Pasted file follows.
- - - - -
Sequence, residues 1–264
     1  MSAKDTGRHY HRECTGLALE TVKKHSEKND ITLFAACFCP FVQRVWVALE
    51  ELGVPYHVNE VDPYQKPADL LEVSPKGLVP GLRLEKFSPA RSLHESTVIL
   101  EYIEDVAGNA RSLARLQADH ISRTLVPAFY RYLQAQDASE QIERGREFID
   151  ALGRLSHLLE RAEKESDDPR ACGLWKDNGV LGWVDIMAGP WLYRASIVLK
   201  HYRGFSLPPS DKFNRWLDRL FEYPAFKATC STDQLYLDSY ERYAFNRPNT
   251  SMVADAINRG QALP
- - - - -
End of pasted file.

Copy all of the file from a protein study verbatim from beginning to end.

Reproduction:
Sequence, residues 1–264
     1  MSAKDTGRHY HRECTGLALE TVKKHSEKND ITLFAACFCP FVQRVWVALE
    51  ELGVPYHVNE VDPYQKPADL LEVSPKGLVP GLRLEKFSPA RSLHESTVIL
   101  EYIEDVAGNA RSLARLQADH ISRTLVPAFY RYLQAQDASE QIERGREFID
   151  ALGRLSHLLE RAEKESDDPR ACGLWKDNGV LGWVDIMAGP WLYRASIVLK
   201  HYRGFSLPPS DKFNRWLDRL FEYPAFKATC STDQLYLDSY ERYAFNRPNT
   251  SMVADAINRG QALP